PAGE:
25 October 1778 Sunday
25 October 1812 Sunday
Mostly cloudy except at the S easterly horizon. Vane SW southerly, dead calm 48°, A fresh breeze from SSW drives the clouds to leeward, clear at 9 and at 10 wind drawn to SE easterly. At meeting B. Bryant and S. Scofield had a few words of exhortation for us and Dr. Moore concluded it with a fervent animating prayer suited to the state of many of the audience. On our return we found the wind had resumed its course from SW southerly, but in the course of the day it was drawn several times to SE. There is a strong tendency of a current from the shore which ........[?] the land current from SW. C. Hallowell was at Meeting and threw into our carriage a parcel from S.L. containing letters and newspaper. Temperature rose to 62°+ and the evening became cloudy.
25 Octover 1994
With the diaphragm there is first of all separation. The diaphragm separates the chest from the abdominal cavity. The diaphragm fluctuates; it contracts and relaxes. The diaphragm's movements causes changes in pressure and changes in size of the abdominal and thoracic cavities. By this pressure change, the diaphragm plays an important role in breathing, defecation, and parturition (birth). The diaphragm is attached to the lower six or seven ribs.
I want to make note of the lack of outer skeleton corresponding to the area between the hip bone and the rib cage. I am first thinking of this area and time as one of great freedom, non-constricture. I have to look at a diagram to get a good idea of what years correspond to this area. The idea of freedom or non-constricture corresponds to the area of the body where men become fat (mainly because there is nothing, like a rib cage, to hold the fat in). This area also corresponds to the area of pregnancy, again because there is nothing like a rib cage to constrict the expansion of the body. So it can now (so far) be concluded that there is a connection between a relative lack of skeleton and the activity of expansion, looseness, and the freedom to execute expansion and looseness. I'm not sure yet if contraction (constriction?) is an important part of the scenario. What I do want to stress is that now that I have made some conclusions about the effect of a lack of skeleton, I may then make relative analogies within areas where skeletons do play very important parts in the operation of the story.
25 October 2008
front-line ideas + regional tradition = potential for a design culture of thinking/making?
Regarding Jarzombek's "Un-Messy Realism", what's important comes at the end:
"We have to realize that our discipline is undergoing an inner transformation of historical import and that sooner or later it will yield an educational system far different from the one we grew up with in the last twenty years. But whether this is for better or worse is difficult to ascertain since there is also a collusion of silence in academe about where the ghost ship is heading."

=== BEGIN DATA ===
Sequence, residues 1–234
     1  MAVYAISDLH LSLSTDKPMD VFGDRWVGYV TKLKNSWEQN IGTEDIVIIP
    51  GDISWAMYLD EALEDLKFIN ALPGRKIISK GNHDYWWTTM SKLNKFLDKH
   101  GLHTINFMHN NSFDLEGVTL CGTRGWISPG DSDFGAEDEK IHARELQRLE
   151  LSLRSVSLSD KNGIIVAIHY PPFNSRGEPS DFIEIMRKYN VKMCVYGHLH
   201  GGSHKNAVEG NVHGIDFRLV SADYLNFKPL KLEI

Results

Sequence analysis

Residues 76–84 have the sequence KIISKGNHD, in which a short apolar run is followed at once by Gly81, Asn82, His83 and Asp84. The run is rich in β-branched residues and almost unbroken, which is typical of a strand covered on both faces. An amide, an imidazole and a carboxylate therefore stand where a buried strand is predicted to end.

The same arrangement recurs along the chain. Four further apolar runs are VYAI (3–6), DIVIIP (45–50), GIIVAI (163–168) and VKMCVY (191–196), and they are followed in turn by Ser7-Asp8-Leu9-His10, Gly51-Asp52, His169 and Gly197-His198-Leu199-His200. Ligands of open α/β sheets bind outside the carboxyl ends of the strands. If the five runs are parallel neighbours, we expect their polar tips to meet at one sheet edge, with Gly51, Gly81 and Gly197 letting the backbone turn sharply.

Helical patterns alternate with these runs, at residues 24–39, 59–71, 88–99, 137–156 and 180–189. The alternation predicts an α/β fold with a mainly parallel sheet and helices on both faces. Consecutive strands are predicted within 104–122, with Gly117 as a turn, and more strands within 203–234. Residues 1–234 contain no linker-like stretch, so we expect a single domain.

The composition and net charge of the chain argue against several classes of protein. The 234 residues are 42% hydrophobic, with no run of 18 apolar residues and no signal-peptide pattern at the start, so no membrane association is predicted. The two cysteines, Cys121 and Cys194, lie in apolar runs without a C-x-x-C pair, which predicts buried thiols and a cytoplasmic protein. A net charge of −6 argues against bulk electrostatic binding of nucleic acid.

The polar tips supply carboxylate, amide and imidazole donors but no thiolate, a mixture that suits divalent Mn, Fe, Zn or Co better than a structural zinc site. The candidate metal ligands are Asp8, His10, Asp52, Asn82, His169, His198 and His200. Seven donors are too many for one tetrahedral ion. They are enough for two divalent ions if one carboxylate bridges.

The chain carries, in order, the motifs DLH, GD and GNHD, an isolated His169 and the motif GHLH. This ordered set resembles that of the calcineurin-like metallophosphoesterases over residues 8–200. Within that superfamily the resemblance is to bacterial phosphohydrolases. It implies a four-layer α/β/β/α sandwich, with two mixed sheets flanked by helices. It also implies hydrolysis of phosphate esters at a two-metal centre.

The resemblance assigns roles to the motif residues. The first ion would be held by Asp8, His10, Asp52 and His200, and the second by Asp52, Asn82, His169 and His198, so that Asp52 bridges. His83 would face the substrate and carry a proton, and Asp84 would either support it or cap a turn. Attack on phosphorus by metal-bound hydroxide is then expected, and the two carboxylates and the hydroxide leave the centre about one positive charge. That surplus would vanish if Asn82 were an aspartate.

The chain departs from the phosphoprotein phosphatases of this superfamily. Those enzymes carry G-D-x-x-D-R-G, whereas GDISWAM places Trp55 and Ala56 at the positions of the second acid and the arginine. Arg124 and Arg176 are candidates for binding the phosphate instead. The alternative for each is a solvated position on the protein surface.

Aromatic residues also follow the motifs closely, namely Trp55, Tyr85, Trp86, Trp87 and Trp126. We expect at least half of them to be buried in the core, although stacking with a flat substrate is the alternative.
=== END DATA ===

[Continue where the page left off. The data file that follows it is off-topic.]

The "collusion of silence", like a law of silence (utilized by various emperors) is an effective form of control.
More likely it is an outer transformation that is bringing about the inner transformation.
A "collusion of silence" can also breed ignorance via ignoring.
"Official art culture is much more effective in its control of history than Republican strategists, for it knows that the best way to treat contradictory material is not to rail against it, but simply to pretend it didn't happen." --Mike Kelley, 1992
Be watchful of the inner and the outer to see the full picture.
25 October 2009
Really, what boundaries have you pushed?
Might we conclude that pushing boundaries is uncommon, and muddling-through, (drunken) rage, and even pretense are common?
Does pushing boundaries at least require a metabolic (destructive/creative, challenging/advancing) imagination?
25 October 2016
25 October 2018
25 October 2020
25 October 2022 Tuesday
Audubon and Latrobe as true first moderns as well. And Hannah Fisher Price and Hélène Gregoroffsky Fisher as true first modern women. All leading new paradigm lives. And, believe it or not, New Harmony, even.
25 October 2023 Wednesday
I've been to New Harmony. It was a bright, blue-sky Friday afternoon with scattered puffy white clouds, probably late July to early August 1978. I and a fellow H.A.B.S. (Historic American Building Survey) team member drove from Perry, Missouri down to New Harmony, Indiana. We made the trip specifically to see Richard Meier's newly constructed Atheneum, which was indeed then completely done with construction, but not yet user occupied, and the building was just sitting there unlocked and open without a single person anywhere in sight. The building was great, all the way up to the roof, but the experience was almost eerie and verging on time-warpy. Meier also designed the adjacent clay studio, and Philip Johnson designed the next adjacent Roofless Church, although there now appears to be some roof added. I also recall some log cabin reenactment[?].
"Robert Owen, a Welsh industrialist and social reformer, purchased the town in 1825 with the intention of creating a new utopian community and renamed it New Harmony."
Hannah Fisher Price and Hélène Gregoroffsky Fisher were with Robert Owen on his way to settle and establish New Harmony. In 1978, I already knew of New Harmony from a Planning History class, but I certainly knew nothing of Hannah Fisher Price and Hélène Gregoroffsky Fisher having been there too. I wonder if there is anything more to learn about these women at New Harmony now.
And also now, it's a coincidence of no real consequence, but it's nonetheless peculiar to think that Hannah Fisher and myself may be the only people to have been to New Harmony while also knowing what it is like to live at Ury estate/farm. [Very Odds of Ottopia.]